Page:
HMB Endeavour, replica
On permanent display at The National Maritime Museum in Darling harbour – Sydney | Museum wharves |
The Australian-built replica of James Cook’s HMB Endeavour is one of the world’s most accurate maritime reproductions. When you come on board you may wonder whether James Cook and his crew have just stepped ashore somewhere on their voyage. The table is set, clothes are hung and the cat is slumbering.
On board the beautifully crafted ship, you glimpse a sailor’s life during one of history’s great maritime adventures, Captain Cook’s epic 1768-71 world voyage. Look you’ll see almost 30 kilometres of ropes and 750 wooden blocks or pulleys! The masts and spars carry 28 sails that spread approximately 10,000 sq feet (930 m2) of canvas.
HMS Endeavour, also known as HM Bark Endeavour, was a British Royal Navy research vessel commanded by Lieutenant James Cook on his first voyage of discovery, to Australia and New Zealand from 1769 to 1771.
Launched in 1764 as the collier Earl of Pembroke, she was purchased by the Navy in 1768 for a scientific mission to the Pacific Ocean, and to explore the seas for the surmised Terra Australis Incognita or “unknown southern land”. Renamed and commissioned as His Majesty’s Bark the Endeavour, she departed Plymouth in August 1768, rounded Cape Horn, and reached Tahiti in time to observe the 1769 transit of Venus across the Sun. She then set sail into the largely uncharted ocean to the south, stopping at the Pacific islands of Huahine, Borabora, and Raiatea to allow Cook to claim them for Great Britain. In September 1769, she anchored off New Zealand, the first European vessel to reach the islands since Abel Tasman’s Heemskerck 127 years earlier.
In April 1770, Endeavour became the first seagoing vessel to reach the east coast of Australia, when Cook went ashore at what is now known as Botany Bay.
Endeavour then sailed north along the Australian coast. She narrowly avoided disaster after running aground on the Great Barrier Reef, and was beached on the mainland for seven weeks to permit rudimentary repairs to her hull. On 10 October 1770, she limped into port in Batavia in the Dutch East Indies for more substantial repairs, her crew sworn to secrecy about the lands they had discovered.
She resumed her westward journey on 26 December, rounded the Cape of Good Hope on 13 March 1771, and reached the English port of Dover on 12 July, having been at sea for nearly three years.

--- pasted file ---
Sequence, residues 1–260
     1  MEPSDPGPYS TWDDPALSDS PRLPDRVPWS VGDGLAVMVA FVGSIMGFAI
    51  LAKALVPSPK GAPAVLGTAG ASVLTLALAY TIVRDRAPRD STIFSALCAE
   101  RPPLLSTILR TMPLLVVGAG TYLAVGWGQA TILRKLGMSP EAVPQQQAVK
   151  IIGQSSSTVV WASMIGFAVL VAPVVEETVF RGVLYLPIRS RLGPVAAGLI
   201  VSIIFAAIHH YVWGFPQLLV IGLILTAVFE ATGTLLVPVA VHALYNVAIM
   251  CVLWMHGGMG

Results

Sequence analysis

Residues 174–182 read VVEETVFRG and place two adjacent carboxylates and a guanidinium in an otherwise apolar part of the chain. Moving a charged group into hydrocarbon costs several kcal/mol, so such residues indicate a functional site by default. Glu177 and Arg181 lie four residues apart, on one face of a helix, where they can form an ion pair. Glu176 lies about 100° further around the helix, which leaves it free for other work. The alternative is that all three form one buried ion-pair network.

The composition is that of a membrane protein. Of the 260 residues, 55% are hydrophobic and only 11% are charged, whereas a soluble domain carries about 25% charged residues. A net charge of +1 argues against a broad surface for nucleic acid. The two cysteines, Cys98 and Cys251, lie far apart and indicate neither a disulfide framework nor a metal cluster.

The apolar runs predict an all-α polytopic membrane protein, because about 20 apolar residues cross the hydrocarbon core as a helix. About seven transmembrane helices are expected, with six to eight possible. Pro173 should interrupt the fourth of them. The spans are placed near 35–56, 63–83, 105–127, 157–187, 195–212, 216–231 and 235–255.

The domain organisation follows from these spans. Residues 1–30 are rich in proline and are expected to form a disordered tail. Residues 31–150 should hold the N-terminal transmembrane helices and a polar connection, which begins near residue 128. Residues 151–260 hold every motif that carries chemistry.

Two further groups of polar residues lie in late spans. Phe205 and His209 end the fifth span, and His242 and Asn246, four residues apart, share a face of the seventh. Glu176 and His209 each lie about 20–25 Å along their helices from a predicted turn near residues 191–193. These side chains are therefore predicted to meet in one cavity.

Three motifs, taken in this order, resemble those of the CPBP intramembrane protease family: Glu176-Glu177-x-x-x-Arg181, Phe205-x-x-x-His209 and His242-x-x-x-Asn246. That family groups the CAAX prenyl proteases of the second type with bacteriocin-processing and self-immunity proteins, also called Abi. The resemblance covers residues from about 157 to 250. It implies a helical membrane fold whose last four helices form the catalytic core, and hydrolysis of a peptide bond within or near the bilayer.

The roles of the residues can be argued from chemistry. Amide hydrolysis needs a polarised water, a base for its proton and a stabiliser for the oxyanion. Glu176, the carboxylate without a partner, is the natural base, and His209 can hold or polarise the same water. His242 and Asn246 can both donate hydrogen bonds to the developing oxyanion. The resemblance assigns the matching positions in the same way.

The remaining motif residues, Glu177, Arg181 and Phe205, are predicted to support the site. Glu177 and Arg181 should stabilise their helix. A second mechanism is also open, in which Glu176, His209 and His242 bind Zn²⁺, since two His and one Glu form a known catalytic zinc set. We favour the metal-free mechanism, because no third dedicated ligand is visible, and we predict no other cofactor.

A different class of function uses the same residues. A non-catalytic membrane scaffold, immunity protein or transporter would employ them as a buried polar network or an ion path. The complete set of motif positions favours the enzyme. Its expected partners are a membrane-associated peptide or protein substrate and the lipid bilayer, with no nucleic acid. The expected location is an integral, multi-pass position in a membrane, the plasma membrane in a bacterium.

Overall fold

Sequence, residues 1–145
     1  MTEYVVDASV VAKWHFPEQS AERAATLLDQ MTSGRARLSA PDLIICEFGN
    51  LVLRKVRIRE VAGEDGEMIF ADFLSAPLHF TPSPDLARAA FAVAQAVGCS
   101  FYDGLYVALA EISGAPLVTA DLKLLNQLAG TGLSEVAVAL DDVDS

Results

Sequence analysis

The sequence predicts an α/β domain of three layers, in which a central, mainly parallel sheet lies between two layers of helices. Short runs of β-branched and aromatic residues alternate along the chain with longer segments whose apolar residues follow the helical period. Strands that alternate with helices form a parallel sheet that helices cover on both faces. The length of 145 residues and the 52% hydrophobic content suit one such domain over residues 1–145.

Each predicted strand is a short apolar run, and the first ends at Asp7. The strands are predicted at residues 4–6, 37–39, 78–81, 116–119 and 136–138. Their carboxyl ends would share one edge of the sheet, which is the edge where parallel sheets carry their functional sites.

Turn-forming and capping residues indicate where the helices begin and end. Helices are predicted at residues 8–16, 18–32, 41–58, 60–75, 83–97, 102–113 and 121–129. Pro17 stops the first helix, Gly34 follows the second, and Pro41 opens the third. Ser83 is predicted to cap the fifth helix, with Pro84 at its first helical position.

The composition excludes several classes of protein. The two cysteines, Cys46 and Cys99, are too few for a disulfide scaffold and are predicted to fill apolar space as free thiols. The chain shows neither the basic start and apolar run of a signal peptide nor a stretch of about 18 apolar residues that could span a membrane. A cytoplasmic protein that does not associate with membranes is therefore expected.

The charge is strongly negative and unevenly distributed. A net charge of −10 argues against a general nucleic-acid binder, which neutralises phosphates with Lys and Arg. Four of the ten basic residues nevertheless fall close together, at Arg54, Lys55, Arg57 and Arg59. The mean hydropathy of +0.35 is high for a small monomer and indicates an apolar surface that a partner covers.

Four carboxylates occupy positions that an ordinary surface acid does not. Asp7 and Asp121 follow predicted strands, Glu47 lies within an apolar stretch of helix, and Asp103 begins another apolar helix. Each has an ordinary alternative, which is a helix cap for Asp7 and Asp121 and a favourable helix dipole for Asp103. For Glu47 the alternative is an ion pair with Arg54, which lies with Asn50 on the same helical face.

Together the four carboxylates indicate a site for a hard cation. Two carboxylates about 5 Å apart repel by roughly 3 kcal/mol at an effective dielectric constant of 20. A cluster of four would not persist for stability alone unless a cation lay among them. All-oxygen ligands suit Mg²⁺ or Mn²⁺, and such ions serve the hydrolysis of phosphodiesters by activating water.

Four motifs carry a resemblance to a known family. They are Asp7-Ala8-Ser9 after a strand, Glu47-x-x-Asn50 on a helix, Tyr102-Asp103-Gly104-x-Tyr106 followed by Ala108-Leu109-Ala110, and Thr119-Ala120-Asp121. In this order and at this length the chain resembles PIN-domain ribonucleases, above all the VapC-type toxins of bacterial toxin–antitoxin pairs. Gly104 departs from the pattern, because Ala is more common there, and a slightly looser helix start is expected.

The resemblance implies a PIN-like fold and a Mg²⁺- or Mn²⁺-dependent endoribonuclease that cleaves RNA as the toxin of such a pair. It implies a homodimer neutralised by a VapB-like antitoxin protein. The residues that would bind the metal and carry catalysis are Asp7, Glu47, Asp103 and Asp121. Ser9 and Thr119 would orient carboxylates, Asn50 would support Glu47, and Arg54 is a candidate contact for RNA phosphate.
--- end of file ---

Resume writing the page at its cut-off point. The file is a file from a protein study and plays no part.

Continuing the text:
Largely forgotten after her epic voyage, Endeavour spent the next three years shipping Navy stores to the Falkland Islands. Renamed and sold into private hands in 1775, she briefly returned to naval service as a troop transport during the American Revolutionary War and was scuttled in a blockade of Narragansett Bay, Rhode Island in 1778.
Her wreck has not been precisely located, but relics, including six of her cannons and an anchor, are displayed at maritime museums worldwide.
The Australian Replica of the HMS Endeavour is moored in Sydney
In January 1988, to commemorate the Australian Bicentenary of European settlement in Australia, work began in Fremantle, Western Australia on a replica of Endeavour. Financial difficulties delayed completion until December 1993, and the vessel was not commissioned until April 1994.
The replica vessel commenced her maiden voyage in October of that year, sailing to Sydney Harbour and then following Cook’s path from Botany Bay northward to Cooktown. From 1996 to 2002, the replica retraced Cook’s ports of call around the world, arriving in the original Endeavour’s home port of Whitby in June 2002.
Footage of waves shot while rounding Cape Horn on this voyage was later used in digitally composited scenes in the 2003 film Master and Commander: The Far Side of the World.
The replica Endeavour visited various European ports before undertaking her final ocean voyage from Whitehaven to Sydney Harbour on 8 November 2004.
Her arrival in Sydney was delayed when she ran aground in Botany Bay, a short distance from the point where Cook first set foot in Australia 235 years earlier.
The replica Endeavour finally entered Sydney Harbour on 17 April 2005, having travelled 170,000 nautical miles (310,000 km), including twice around the world. Ownership of the replica was transferred to the Australian National Maritime Museum in 2005 for permanent service as a museum ship in Sydney’s Darling Harbour. The view here in the image shows Sydney City in the background and also Centrepoint Tower.
[ This extract is reproduced here courtesy of & from Wikipedia, the free encyclopedia ]